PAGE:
Just to mix things up, I invited my dear friend Pamela from my Kenya Peace Corps days, and her husband Tony, to join the party! Pamela now works at my alma mater USF, in the College of Medicine. Pamela and I have a tendency to gab about the crazy days in Africa while our husbands roll their eyes. I’m working on a new book and the opening story takes place at a rural disco called The Octopus Club in Kisumu where Pamela and I hung out in 1987!
On Sunday afternoon, I took a vacation from my vacation by going up to Homosassa Springs, about an hour north from my mom’s place, to see my sister Kathy (who had flowndown from Raleigh) and my stepmother Nora (who had driven up from Naples) at my Aunt Tricia’s house right on the river. We had a glorious dinner of King Crab claws, followed by three homemade deserts. Kathy surprised me with a hand-knitted mermaid-tail blanket, which I will now wear whenever I’m working on my new book.
Kathy and I decided to wake up at the crack of dawn on Monday and head out in the canoe on the river to see the manatees. Even though the air was about 32-degrees, we loved every frozen minute of it. And the manatees seemed to love us. One let us touch his sweet face and whiskers, and then rolled over eager for belly rubs. Manatees, in case you don’t know, are the real mermaids. Graceful and gentle beyond measure — and decidedly NOT DISNEY CHARACTERS with 22-inch waists.
We received a hero’s welcome back at Tricia’s house complete with warm bathrobes and french toast! Another special part to the visit was getting to see Trish’s husband, Dr. Weems Hollowell, who was my father’s first partner at a Neurology/Neurosurgery clinic they started in Largo back in 1971 or so.
I had to zoom away at 8:30 a.m. to make my next appointment with my very best pals from high school and college — Diana, Laura and Merit! I can never get enough time with this triumvirate, but hopefully next time I will! Such amazing, powerful forces they are!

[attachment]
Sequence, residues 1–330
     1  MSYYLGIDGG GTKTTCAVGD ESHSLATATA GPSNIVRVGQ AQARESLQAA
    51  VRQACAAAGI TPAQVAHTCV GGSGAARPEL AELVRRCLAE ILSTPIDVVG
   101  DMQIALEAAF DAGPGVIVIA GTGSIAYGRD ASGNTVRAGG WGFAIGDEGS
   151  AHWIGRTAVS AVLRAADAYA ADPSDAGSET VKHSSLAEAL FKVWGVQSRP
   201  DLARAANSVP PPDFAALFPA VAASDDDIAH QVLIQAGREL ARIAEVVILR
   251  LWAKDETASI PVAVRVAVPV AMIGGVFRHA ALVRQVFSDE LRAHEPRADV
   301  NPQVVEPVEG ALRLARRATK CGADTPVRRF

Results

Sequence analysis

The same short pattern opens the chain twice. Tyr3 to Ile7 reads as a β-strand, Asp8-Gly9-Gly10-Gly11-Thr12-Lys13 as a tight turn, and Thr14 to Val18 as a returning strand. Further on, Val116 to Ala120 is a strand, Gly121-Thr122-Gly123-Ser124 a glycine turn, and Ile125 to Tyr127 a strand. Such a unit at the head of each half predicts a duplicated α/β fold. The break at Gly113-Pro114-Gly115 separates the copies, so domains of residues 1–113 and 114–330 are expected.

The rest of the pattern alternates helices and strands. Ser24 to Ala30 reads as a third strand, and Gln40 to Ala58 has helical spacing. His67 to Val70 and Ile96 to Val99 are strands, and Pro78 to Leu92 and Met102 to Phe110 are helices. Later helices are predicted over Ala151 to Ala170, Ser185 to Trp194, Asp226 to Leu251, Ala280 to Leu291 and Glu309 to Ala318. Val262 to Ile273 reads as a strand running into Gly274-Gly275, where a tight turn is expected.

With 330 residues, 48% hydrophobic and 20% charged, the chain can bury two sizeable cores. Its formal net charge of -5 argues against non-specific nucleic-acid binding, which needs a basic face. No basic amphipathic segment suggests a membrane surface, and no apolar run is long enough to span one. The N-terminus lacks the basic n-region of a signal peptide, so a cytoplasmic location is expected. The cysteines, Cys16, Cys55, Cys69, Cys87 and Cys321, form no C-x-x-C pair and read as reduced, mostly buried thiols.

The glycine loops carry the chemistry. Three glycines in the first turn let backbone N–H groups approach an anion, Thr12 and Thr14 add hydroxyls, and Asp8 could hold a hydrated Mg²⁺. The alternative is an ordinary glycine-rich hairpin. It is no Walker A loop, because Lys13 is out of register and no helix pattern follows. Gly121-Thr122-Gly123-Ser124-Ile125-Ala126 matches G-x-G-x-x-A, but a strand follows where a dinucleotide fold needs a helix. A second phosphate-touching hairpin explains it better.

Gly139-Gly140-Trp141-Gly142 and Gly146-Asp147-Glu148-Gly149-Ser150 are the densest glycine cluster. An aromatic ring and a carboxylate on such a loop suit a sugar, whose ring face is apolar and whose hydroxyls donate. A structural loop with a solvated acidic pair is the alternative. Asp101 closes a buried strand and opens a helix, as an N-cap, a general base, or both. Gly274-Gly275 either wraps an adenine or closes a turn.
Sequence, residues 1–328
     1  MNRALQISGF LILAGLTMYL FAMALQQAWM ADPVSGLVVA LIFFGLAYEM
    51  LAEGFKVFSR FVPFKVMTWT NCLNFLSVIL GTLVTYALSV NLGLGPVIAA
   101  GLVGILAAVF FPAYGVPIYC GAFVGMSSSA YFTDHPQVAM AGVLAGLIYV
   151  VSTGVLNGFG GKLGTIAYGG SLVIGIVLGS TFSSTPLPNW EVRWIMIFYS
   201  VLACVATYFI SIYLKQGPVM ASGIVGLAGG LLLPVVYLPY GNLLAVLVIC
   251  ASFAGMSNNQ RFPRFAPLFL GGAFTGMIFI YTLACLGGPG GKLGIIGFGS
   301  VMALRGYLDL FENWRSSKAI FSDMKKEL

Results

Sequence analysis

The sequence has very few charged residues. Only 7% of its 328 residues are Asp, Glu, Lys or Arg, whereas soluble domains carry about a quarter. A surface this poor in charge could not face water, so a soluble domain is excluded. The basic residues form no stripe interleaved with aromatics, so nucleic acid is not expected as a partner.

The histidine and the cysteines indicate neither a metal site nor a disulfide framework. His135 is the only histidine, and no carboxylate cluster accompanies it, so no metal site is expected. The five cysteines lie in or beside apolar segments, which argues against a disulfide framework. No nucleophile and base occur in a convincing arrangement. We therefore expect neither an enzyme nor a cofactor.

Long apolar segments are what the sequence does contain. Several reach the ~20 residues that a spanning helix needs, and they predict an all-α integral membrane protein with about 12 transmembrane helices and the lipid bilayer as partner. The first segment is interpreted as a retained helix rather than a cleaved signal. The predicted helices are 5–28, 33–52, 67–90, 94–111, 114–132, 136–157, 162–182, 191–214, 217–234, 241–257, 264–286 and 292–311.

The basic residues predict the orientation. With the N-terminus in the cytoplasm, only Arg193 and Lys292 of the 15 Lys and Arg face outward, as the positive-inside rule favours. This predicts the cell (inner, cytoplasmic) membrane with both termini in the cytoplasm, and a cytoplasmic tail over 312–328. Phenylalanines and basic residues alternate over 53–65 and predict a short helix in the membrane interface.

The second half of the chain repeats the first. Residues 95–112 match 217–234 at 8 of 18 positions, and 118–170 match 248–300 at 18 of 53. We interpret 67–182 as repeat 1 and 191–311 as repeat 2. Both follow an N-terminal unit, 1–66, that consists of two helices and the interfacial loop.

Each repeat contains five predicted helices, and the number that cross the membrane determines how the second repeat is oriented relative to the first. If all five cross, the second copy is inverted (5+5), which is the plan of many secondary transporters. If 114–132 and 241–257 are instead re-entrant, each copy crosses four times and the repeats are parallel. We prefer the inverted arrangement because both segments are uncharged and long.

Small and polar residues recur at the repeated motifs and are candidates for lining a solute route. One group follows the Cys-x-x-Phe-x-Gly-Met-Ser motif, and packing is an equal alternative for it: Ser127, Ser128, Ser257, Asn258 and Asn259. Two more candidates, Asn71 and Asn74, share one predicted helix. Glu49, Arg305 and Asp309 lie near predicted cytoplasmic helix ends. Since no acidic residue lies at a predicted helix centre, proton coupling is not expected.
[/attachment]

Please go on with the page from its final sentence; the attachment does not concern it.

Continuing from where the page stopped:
I closed out my visiting schedule with a wonderful afternoon with the remarkable Joe Dineen. Also known as Joe Pie Weed. But best known as other half of the Joe and Beau Show. Yes, Joe was one of my father’s very best pals in the world.
Joe and his family used to come with us to the Virginia farm where we’d canoe, hike, eat pie and enjoy long glorious summer days. Joe’s daughter Kelly remains one of my very best friends to this day! I was glad to have the chance to see Joe again, especially since the last time we saw each other was at Beau’s funeral. You could say that Joe is my extra father, and I know I’m his extra daughter. This visit was important for the both of us.
Our final day in Florida was spent in the way all final days should be spent: at Weeki Wachee’s Mermaid Show. I think my first trip there was also my last, circa 1975, with my mom and dad. Not much has changed in the 40 years in between. There seem to be fewer mermaids, and fewer customers. But the magic remains.
In fact, the magic remains strong in Florida for me. The natural beauty of the Sunshine State is astonishing, especially in places like Homosassa Springs and Weeki Wachee.
My memories of Florida are strong, too. Special times with my dad linger, of course. But I have new times to recall, as well, in these recent experiences with my mother and brother and niece and sister-in-law; my husband and son; my sister and stepmother and aunt; my friends from elementary school, high school, college and Peace Corps; my wonderful old coach, and my former swimmer who saw me become a mother and is now a mother; and my extra dad Joe Dineen.
And how could I ever forget those mermaids and manatees forever sewn into (and now onto) my very being?